Henry soon settled in and with light winds from the NE we had a pleasant sail for the 45M passage, plenty of tacking to keep us warm in the cold wind. 🙂 By 1800 we had entered Loch Gairloch and then made the passage through Loch Torridon into Loch Shieldaig. A nice sheltered mooring or anchorage.

 

Henry and Eddie on passage to Ullapool

Henry and Eddie on passage to Ullapool

 

The 41M passage the next morning to Ullapool was made in cold winds, still from the NE, that ranged from F6/7 to 0 suddenly.   A lively sail, we shook out reefs and put them back regularly! Weather conditions I have become to expect whilst cruising these waters! 🙂 We approached Ullapool in the evening passing Priest Island on our port side. We arrived at dusk to pick up a buoy in the harbour. The owner of the buoy rowed out in his small tender to welcome us and offered to come out in the morning to take Eddie ashore to catch an early bus. We had sailed 50M during the day, so relaxed with a meal and wine on board before retiring.

 

The following morning I prepared passage plans to Loch Inver where Graham would join Henry and myself for the cruise to Orkney and back to Inverness. We said our farewells to Eddie as he boarded the small rowing boat filling it with his gear and the yachts rubbish to dispose of! Gusty winds were blowing F5/6 from the NE as watched him depart and make it safely to the shore in experienced hands. 🙂

With the gusty winds, I decided to put 2 reefs in the main whilst on the mooring and to sail with this and a small headsail. It did cross my mind to sail on a small headsail alone, but we would be coming on the wind once out to sea past the Summer Islands. ( They always say reef down the first time you think of it!!).

Leaving Ullapool Harbour

Leaving Ullapool Harbour

 

Once clear of the harbour we set course to pass through a narrow rocky channel between the Summer Islands to the NW. Once away from the harbour the wind was on our quarter, funnelling down Loch Broom.

 

 

 

 

I set a preventer on the main and we clipped our safety harnesses on as Christine Marie picked up speed with increasing wind and rollers pushing us along at a pace. The wind and following breaking swell, whipped up by F9 gusts, continued to increase as we rapidly closed the narrow channel south of Tanera Beg, fringed with dangerous rocks. On the helm, Christine Marie was under control, but on the edge … we were surfing along on the following seas. I knew we needed to reduce the main with the 3rd reef whilst we had searoom.

Getting ready to reef, I made a mistake and gybed the yacht. The surprise was that the boom crashed across to starboard taking us sharply up on the wind. The shackle holding the preventer on the boom had snapped cleanly across releasing the main! My first thoughts were that we were now in big trouble, with damage to the rigging. But Henry and I worked calmly together drenched by the spray, to drop the main, check no damage had been done, before continuing under a small headsail. It was good teamwork in difficult conditions and we both ‘punched hands’ that we had come through safely.

Now under control we navigated the rocky passage through the Summer Isles out to sea where we made our course change towards Loch Inver, 20M further north.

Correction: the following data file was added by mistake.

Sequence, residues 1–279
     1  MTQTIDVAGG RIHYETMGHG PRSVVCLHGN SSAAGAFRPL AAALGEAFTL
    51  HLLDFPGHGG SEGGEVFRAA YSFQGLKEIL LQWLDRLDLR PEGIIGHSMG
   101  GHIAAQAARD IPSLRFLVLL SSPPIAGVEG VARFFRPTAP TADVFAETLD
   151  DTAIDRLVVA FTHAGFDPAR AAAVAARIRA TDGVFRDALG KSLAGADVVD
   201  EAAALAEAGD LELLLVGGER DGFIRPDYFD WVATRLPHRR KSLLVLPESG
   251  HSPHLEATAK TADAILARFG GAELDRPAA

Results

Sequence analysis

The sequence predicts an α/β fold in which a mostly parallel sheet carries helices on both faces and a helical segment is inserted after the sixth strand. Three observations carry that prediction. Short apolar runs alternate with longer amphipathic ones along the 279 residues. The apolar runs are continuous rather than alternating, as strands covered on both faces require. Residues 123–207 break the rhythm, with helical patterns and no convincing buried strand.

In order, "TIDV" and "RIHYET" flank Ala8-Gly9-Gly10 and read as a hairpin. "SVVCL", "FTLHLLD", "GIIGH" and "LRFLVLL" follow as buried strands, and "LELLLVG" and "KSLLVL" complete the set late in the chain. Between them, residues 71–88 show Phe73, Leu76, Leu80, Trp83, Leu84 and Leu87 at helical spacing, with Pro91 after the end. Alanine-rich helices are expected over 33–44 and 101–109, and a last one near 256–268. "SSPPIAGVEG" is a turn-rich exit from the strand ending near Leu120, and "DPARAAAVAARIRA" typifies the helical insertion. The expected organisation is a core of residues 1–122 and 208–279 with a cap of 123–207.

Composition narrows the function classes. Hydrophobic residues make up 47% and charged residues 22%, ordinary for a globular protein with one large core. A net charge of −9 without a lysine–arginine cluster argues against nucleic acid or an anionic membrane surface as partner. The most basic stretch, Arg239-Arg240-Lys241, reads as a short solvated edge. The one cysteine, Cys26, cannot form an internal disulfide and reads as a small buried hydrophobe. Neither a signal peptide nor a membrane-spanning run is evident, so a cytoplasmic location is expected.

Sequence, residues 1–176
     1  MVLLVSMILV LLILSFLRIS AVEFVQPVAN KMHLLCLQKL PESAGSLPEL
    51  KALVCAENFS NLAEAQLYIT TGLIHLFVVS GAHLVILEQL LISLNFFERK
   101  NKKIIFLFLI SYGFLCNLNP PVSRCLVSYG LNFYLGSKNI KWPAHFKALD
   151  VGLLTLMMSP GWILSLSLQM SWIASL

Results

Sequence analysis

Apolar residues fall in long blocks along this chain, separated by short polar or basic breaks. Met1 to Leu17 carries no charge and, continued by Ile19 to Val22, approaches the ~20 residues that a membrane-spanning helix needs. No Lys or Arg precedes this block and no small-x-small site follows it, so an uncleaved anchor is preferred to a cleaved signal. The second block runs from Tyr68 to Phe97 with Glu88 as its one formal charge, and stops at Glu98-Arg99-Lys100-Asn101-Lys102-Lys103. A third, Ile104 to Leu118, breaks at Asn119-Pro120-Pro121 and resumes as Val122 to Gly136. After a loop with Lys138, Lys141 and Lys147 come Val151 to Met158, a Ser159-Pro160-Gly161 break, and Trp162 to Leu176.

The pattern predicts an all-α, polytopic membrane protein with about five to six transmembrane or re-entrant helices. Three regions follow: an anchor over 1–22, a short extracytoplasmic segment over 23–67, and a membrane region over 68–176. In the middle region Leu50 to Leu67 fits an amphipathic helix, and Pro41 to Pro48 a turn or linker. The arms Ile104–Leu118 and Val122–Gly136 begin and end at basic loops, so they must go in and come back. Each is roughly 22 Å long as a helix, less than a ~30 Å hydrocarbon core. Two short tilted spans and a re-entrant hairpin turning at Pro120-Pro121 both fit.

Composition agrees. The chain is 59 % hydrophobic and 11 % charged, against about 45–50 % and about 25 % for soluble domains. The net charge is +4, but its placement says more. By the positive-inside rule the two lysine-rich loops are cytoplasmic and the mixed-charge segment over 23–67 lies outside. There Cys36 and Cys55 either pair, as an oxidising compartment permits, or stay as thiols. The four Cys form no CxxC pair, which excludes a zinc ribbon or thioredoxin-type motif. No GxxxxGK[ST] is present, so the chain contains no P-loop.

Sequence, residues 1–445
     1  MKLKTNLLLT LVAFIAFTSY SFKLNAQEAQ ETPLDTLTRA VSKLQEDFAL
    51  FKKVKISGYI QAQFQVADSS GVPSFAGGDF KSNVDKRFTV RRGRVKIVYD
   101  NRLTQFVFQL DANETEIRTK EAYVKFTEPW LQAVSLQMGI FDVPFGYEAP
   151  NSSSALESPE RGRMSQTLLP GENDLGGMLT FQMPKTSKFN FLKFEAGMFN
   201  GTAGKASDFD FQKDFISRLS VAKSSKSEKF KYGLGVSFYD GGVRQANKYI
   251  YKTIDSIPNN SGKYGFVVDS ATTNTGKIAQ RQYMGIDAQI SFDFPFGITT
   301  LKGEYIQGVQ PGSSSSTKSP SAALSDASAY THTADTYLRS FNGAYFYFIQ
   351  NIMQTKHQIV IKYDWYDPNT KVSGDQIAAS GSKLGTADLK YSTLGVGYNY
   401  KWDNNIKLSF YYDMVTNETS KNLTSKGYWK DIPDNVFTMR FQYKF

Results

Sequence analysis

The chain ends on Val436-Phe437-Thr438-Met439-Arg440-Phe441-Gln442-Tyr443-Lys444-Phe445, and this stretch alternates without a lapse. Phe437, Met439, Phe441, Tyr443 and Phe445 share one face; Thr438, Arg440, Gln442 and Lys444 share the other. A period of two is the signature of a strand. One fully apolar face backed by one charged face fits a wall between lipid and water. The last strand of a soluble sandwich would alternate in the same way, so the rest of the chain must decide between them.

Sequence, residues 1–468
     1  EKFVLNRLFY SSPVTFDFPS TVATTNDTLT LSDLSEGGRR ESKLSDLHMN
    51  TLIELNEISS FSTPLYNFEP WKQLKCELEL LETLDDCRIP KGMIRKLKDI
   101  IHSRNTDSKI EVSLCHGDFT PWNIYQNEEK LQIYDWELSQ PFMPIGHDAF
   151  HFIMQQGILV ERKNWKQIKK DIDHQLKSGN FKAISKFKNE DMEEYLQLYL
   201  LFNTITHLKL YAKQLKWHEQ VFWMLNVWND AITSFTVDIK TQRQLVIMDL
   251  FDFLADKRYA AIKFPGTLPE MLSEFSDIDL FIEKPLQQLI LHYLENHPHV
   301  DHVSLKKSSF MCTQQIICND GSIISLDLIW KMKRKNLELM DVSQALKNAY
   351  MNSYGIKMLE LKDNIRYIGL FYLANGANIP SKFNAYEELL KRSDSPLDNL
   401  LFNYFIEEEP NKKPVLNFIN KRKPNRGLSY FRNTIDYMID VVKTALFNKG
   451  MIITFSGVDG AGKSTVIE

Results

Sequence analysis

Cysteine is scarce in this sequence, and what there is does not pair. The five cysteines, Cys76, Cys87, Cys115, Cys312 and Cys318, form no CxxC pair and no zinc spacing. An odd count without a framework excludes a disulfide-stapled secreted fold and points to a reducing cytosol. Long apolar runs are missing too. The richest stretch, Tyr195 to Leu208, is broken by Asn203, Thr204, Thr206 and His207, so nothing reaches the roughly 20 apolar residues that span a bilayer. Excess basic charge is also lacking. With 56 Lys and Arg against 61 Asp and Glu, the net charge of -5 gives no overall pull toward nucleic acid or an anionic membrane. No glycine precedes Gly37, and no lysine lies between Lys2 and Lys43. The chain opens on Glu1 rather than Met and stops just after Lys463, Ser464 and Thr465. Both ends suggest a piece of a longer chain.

Lochinver

Lochinver

 

We arrived at 1730, sailing into Lochinver to meet Graham who was waiting to take our lines at 1740. We all enjoyed a pint and meal together ashore in the evening, recalling our experiences at Ullapool.

 

 

 

Sunday 19 April:

We left Lochinver at 1100 on engine to charge the batteries until we passed the green buoy marking the rocks to the NE of Soyea.

Henry up the mast.

Henry up the mast.

At 1130 we started to raise the main only to find we had a problem. The main halyard had wedged behind the radar reflector, nothing we did would shift it from the decks ….. there was only one solution … someone had to go aloft to free it. Henry volunteered 🙂

Fitted with the boson’s chair and two safety lines Graham and I winched Henry up the mast to free the line. Henry said it was a good view from up there! 🙂  

Continuing our passage under sail we had a lovely sail in the sunshine to complete the 30M passage to Kinlochbervie in 6 hours. Kinlochbervie is approached through several small creeks.

Approach to Kinlochbervie harbour

Approach to Kinlochbervie harbour

 

 

Tucked away, it’s a lovely fishing harbour nestling in between the rocks that surround it, just 14M south of Cape Wrath. I liked this harbour with its new pontoon and friendly sailors.

 

 

 

I had intended to stop off at Loch Erenbol on passage to Scrapster, but a local sailor suggested we anchor at Talmine Bay further along the coast. This anchorage is good except in strong northerlies. The wind was forecast to go to the SE the following day, so we decided to amend our passage plans.

Mon 20 April:  At anchor Talmine Bay, a sheltered anchorage on the north coast of Scotland between Cape Wrath and Scrabster.

Rounding Cape Wrath

Rounding Cape Wrath

 

Despite its reputation and our own apprehension, the passage round Cape Wrath gave us no problems …… conditions could have been very different. In sunshine, light winds and calm seas we rounded close to the cape and inshore of the dangerous Duslic Rocks just showing offshore of the cape.

 

 

We had time to take some good photos and sighted a dolphin and seal as we approached inshore 1M off the Cape lighthouse.

At anchor Talmine Bay

At anchor Talmine Bay

 

A fantastic weeks sailing through stunning scenery through the Scottish Highlands on the west coast of Scotland. As well as the scenery, the sailing was great and very challenging on some occasions! 🙂